And the JBP book quote your provided left out some context so I'm including the previous paragraph below - your JBP quoted section is underlined. What you left out is in bold text.
So where does all that leave us? With the decision to discipline effectively, or to discipline ineffectively ( but never to forego discipline altogether, because nature and society will punish in a draconian manner whatever errors of childhood behavior remain uncorrected). So here are a few practical hints: time out can be an extremely effective form of punishment, particularly if the misbehaving child is welcome as soon as he controls his temper. An angry child should sit by himself until he calms down. Then he should be allowed to return to normal life. That means the child wins - instead of his anger. The rule is "Come be with us as soon as you can behave properly." This is a very good deal for child, parent, and society. You'll be able to tell if your child has really regained control. You'll like him again, despite his earlier misbehavior. if you're still mad, maybe he hasn't completely repented - or maybe you should do something about your tendency to hold a grudge.
If your child is the kind of determined varmint who simply runs away, laughing , when placed on the steps or his room, physical restraint might have to be added to the time out routine. A child can be held carefully but firmly in the upper arms, until he or she stops squirming and pays attention.
If that fails, being turned over a parent’s knee might be required. For the child who is pushing the limits in a spectacularly inspired way, a swat across the backside can indicate requisite seriousness on the part of a responsible adult. There are some situations in which even that will not suffice, partly because some children are very determined, exploratory, and tough, or because the offending behavior is truly severe. And if you’re not thinking such things through, then you’re not acting responsibly as a parent. You’re leaving the dirty work to someone else who will be much dirtier doing it.
And JBP later states the following:
A parent who is seriously aware of his or her limited tolerance and capacity for misbehavior when provoked can therefore seriously plan a proper discipline strategy - particularly if monitored by an equally awake partner - and never let things degenerate to the point where geniune hatred emerges. Beware. There are toxic families everywhere. They make no rules and limit no misbehavior. The parents lash out randomly and unpredictably. The children live in chaos and are crushed, if they're timid, or rebel, counterproductively, if they're tough. It's not good. It can get murderous.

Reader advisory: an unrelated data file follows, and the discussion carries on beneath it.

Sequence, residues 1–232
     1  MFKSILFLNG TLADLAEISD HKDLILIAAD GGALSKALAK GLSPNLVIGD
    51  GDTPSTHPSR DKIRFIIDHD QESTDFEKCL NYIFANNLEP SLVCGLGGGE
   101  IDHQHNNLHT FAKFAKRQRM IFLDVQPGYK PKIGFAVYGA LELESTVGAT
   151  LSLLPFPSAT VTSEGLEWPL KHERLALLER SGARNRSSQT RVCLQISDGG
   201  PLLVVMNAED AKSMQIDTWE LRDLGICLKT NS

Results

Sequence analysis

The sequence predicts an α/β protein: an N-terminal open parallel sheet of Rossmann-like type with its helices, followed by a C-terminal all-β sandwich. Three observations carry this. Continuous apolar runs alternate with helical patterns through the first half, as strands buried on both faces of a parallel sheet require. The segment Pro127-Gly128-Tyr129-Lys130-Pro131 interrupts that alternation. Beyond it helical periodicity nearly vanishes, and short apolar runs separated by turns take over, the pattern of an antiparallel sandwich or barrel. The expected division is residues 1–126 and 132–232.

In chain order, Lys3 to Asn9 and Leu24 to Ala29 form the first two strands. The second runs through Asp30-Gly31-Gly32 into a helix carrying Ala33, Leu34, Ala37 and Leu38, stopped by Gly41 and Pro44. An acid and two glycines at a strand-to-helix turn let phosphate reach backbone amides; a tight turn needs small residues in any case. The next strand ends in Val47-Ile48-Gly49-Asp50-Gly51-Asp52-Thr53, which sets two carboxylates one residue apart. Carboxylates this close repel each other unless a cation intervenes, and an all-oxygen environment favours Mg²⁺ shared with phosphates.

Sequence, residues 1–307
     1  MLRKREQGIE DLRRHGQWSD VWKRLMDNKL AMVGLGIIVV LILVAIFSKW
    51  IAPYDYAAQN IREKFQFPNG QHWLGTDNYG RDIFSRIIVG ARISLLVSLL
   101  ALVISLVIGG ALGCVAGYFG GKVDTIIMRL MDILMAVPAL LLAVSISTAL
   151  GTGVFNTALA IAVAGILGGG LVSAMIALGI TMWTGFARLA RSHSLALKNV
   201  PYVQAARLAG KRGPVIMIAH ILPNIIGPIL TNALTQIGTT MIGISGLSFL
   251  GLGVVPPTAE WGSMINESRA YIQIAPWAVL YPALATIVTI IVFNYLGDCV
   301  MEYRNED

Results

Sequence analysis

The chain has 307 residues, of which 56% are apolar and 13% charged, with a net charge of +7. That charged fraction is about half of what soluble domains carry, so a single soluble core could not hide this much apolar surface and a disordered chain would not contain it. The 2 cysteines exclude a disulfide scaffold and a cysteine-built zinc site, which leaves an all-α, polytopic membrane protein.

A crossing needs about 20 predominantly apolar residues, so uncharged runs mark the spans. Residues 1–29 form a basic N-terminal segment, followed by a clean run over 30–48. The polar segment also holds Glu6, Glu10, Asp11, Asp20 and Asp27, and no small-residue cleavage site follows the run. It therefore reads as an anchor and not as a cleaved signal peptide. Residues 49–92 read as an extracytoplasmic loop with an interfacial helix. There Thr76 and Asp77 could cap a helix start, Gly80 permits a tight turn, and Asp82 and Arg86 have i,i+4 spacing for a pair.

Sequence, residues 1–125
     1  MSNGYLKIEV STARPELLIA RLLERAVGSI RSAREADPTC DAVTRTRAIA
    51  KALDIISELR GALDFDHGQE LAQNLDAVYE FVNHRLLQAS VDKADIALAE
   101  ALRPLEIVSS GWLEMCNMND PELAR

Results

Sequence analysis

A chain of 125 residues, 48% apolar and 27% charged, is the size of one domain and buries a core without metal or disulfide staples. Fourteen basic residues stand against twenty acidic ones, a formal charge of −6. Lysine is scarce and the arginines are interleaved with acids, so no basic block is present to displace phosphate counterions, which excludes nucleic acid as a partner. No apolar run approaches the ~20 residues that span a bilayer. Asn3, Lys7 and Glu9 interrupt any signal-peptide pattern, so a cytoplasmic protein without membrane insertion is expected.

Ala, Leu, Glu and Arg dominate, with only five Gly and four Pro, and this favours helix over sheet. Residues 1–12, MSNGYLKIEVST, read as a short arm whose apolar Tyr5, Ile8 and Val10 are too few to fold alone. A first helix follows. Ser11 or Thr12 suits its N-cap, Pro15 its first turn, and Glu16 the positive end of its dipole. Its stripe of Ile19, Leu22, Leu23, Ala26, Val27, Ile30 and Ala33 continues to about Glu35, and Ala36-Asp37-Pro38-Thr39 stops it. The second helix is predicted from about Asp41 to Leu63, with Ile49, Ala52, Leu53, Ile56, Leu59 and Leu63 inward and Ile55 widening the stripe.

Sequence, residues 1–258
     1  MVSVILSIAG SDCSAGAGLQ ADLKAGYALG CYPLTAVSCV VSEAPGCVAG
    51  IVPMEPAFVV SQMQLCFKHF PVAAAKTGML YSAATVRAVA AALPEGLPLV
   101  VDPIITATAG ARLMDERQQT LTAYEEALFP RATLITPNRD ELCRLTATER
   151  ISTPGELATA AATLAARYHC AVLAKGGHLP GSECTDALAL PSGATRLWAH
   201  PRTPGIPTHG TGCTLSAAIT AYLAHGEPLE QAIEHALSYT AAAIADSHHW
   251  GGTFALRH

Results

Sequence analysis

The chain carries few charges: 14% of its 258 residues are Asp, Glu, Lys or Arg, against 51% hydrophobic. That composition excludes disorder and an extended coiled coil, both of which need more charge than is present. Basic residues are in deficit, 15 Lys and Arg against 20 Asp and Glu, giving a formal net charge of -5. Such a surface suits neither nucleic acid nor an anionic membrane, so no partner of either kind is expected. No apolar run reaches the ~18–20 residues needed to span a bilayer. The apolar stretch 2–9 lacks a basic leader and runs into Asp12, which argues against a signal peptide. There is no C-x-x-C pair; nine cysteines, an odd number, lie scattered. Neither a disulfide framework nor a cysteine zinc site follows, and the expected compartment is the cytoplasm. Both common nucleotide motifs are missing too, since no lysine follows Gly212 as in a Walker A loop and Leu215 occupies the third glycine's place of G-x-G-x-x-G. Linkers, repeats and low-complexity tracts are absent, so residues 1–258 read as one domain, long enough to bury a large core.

Here's a fifth and final and most general principle. Parents have a duty to act as proxies for the real world - merciful proxies, caring proxies -but proxies, nonetheless. This obligation supersedes any responsibility to ensure happiness, foster creativity, or boost self-esteem. It is the primary duty of parents to make their children socially desirable. That will provide the child opportunity, self-regard, and security. It's more important even that fostering individual identity. That Holy Grail can only be pursued, in any case, after a high degree of social sophistication has been established.
A lot of nuance is being left out. To me it's clear that JBP isn't advocating wonted beatings of children. Spanking is only applied when all other methods have failed. And the spanking used must be carefully considered and applied as lightly as possible. And I'm fairly confident that he wouldn't advocate closed-fist remediation either - something that his detractors seem to imply by quoting his disciplinary escalation process.

Alphaville
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Re: Jordan Peterson

Post by Alphaville »

jennypenny wrote:
Fri Nov 20, 2020 7:20 am
@alphaville -- How can you comment so extensively on JBP when, as you said upthread, you refuse to read his books?
the man provides endless bloviating on youtubes, lectures, speeches, articles, public debates, lectures, etc. ad nauseam. hours really, i’ve watched plenty, how much more of this does one need?